Britain’s Conversion to a Police State

by Mashrufa Miah, Student of International Relations at King’s College London.

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Theresa May’s Counter Terrorism Bill, which received royal assent this month is one of the most dangerous pieces of legislation this country has ever seen. It is safe to say that the image of the UK as an advocate of liberal democracy and human rights is rapidly diminishing.

With no pre-legislative scrutiny or public consultation, this government has chosen to adopt draconian, coercive measures which will force us to live in a straightjacket for the rest of our lives. Some of the key issues are as follows;

1. Bar returning extremists. This includes a ‘managed return’ of British citizens giving them one of two choices; live in Britain but remained monitored by the security services or face the prospect of being banned from the country for 2 years. Never did I think I would agree with Nick Clegg, but he made a valid point; these “people we are talking about are our citizens, like it or not. That gives us some responsibility”. A form of medieval exile will not help tackle terrorism but instead will entrench the already existing ‘us’ and ‘them’ narrative, further perpetuating a climate of fear and suspicion between different communities within British society. Amnesty International has stated this is a breach of international law. But then again, that didn’t stop us in Iraq. It is also a deeper constitutional issue in that it departs from the Magna Carta itself. In chapter 29, it states No Freeman shall be …outlawed, or exiled, or any other wise destroyed…” The state’s gradual shift towards authoritarianism is deeply unnerving.

2. Freedom of thought. Only last month after the abhorrent attacks on Charlie Hebdo’s staff were we all rallying in support for freedom of speech.  Now we want to limit free speech. When are we going to make our minds up? This bill will call for a statutory duty on nurseries, universities, prisons and doctors to effectively ‘spy’ on the students, inmates and patients. It is ironic how we come to university to question concepts and interrogate key issues; but now we will be monitored without our consent. Now we will be sanctioned for our views. Now our voices are being silenced. This Bill not only stifles academic freedom but further entrenches any ill-thought feelings towards the British establishment.

‘Terrorism’ as defined under the 2000 Terrorism Act is the use of threat that is made for the purpose of advancing a political, religious, or ideological cause. However, this Bill does not even require a threat of terrorism to be suspected of radicalisation; merely an attack on ‘British values’. But who defines ‘British values’? How is it ‘extreme’ to highlight the hypocrisy of a country that engages in wars in the name of democracy? How can we kill or torture innocent people and hide behind the cries of ‘rogue elements’? One just has to look at the abuse of prisoners in Abu Ghraib or Guantanamo Bay and realise that these inherently boosted the recruitment of Al-Qaeda.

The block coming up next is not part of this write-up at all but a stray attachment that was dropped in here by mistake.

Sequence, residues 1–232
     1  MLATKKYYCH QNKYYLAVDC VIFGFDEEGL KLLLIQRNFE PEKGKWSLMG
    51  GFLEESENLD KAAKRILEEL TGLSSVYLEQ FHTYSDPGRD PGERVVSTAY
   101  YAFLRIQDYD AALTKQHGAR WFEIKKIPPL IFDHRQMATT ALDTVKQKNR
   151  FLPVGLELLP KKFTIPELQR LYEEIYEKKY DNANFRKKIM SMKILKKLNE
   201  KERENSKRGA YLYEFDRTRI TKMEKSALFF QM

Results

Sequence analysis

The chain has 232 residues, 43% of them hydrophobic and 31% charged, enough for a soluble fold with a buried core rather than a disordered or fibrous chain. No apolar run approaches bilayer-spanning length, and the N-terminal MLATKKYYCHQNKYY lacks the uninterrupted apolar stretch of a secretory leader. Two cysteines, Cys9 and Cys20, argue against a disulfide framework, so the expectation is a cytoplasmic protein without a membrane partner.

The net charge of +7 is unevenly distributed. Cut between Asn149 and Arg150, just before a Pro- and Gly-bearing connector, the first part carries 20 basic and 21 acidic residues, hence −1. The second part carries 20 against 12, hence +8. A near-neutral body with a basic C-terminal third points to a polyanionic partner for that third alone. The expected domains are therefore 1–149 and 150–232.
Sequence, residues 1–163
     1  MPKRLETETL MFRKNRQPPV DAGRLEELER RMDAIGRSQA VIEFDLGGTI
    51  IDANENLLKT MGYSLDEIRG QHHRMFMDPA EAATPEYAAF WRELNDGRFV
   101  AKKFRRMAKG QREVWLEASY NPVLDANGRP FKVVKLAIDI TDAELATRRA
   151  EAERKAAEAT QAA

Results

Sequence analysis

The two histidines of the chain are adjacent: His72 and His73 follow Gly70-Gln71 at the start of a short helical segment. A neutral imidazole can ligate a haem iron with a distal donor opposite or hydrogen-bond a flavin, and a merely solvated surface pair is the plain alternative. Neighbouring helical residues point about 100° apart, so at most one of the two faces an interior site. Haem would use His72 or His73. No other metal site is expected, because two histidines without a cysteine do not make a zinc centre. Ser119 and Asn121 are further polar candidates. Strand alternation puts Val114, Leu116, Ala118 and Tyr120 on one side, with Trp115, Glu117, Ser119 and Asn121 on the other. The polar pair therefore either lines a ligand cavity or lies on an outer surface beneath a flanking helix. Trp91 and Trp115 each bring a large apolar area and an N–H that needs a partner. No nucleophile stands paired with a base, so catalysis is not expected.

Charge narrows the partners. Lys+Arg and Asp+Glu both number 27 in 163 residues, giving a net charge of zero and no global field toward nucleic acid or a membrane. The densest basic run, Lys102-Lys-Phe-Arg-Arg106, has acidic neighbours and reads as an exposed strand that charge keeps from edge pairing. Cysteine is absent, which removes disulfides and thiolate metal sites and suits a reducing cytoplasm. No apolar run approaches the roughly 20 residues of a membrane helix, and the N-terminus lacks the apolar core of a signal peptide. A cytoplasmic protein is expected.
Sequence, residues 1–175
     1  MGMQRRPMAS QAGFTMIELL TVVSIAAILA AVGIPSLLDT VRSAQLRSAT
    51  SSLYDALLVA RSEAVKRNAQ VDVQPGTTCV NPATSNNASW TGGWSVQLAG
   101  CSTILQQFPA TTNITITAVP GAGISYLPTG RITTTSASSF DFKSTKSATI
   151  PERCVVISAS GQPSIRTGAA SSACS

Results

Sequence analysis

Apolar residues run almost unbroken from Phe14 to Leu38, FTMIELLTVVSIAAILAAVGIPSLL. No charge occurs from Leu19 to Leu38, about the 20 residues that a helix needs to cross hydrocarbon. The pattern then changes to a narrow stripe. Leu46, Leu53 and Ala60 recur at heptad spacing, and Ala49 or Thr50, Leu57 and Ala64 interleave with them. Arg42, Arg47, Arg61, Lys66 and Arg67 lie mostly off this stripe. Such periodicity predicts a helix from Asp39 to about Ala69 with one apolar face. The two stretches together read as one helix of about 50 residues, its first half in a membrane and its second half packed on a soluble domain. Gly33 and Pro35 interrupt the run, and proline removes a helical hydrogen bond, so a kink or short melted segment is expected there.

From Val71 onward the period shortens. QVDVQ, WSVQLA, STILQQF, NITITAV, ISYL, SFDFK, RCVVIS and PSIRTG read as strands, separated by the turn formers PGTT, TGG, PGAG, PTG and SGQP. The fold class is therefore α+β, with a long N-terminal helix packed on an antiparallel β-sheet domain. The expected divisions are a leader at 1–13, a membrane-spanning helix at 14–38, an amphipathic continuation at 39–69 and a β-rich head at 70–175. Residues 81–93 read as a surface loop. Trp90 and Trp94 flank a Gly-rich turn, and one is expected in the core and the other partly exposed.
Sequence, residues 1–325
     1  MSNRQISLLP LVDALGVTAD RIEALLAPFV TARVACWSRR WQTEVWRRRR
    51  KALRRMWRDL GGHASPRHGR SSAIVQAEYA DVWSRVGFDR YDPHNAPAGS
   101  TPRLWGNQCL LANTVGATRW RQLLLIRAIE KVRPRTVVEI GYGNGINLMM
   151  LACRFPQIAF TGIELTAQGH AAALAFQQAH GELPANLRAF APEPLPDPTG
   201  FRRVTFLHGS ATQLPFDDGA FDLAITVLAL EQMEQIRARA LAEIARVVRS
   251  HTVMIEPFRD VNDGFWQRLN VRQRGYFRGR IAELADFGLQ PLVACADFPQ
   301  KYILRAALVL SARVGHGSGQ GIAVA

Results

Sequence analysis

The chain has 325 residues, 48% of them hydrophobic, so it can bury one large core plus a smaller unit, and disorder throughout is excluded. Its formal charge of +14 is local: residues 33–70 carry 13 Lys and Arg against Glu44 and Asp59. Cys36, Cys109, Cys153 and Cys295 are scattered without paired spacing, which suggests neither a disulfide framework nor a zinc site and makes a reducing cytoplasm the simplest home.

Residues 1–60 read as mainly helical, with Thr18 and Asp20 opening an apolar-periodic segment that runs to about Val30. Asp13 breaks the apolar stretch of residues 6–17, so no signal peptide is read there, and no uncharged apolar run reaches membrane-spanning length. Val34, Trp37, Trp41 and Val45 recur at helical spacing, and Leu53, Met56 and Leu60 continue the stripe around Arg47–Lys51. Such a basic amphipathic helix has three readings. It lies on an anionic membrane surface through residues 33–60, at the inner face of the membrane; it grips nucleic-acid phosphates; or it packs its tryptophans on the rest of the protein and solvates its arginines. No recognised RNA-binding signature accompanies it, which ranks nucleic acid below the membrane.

3. Preventing travel abroad. This will extend the current time police are able detain and question suspects. They will be given new powers to seize passports and tickets of British citizens at the border for up to 30 days. There is already power under the royal prerogative to cancel or withdraw British passports (a power used against Moazzam Begg, a British resident detained in Guantanamo Bay but later was cleared and released in October 2014). The British government who had paid out £1.25 million of taxpayer’s money to pay for his detainment have still not learnt from their mistakes.

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You may refute my argument and ask what the alternative is. Let’s face it. The threat of terrorism can never be eliminated. Nothing can neutralise an organised terror threat which does not respect international borders.​ Instead, we need to abandon our discriminatory judgement and appraise people for what they are. The Muslim person in your class is not going to wake up one day and decide to commit acts of terrorism. The moment a terrorist act is committed by a Muslim, the media and politicians have cynically exploited the event to widen the powers of the security services and erode our fundamental freedoms. What we need is a more targeted approach to countering terrorism rather than an ad hoc blank style surveillance.

This will have further implications for the international system. The level of foreign fighters who have joined extremist groups abroad, most recently in Iraq and Syria has soared in recent years. In 2015, it was stated that France has 18 foreign fighters out of one million muslims, with Britain having 12 foreign fighters out of one million muslims. That France has a greater number of fighters abroad is definitively linked to causality, as it can be argued that France has alienated their home Muslim population through various reforms.

People may also claim that I am being overly-sensitive, that I have taken on this ‘persecution complex’ where I constantly feel victimised. But I’m sorry. Unless you have been glared at and told to take ‘that thing’ off your head, or stopped at the airport for hours on end when all you want is a holiday with your family, or vilified by the media for supposedly belonging to a ‘violent religion’ then please do not accuse me harbouring overly-sensitive feelings.

This Bill illustrates yet another knee jerk reaction by the British government which in the near future will be deeply regretted once they realise that they had played a pivotal role in further radicalising young people by suppressing their freedom of speech.

We need to question: why are we surrendering to terrorists by eroding the fundamental civil liberties and human rights that our country is founded upon?


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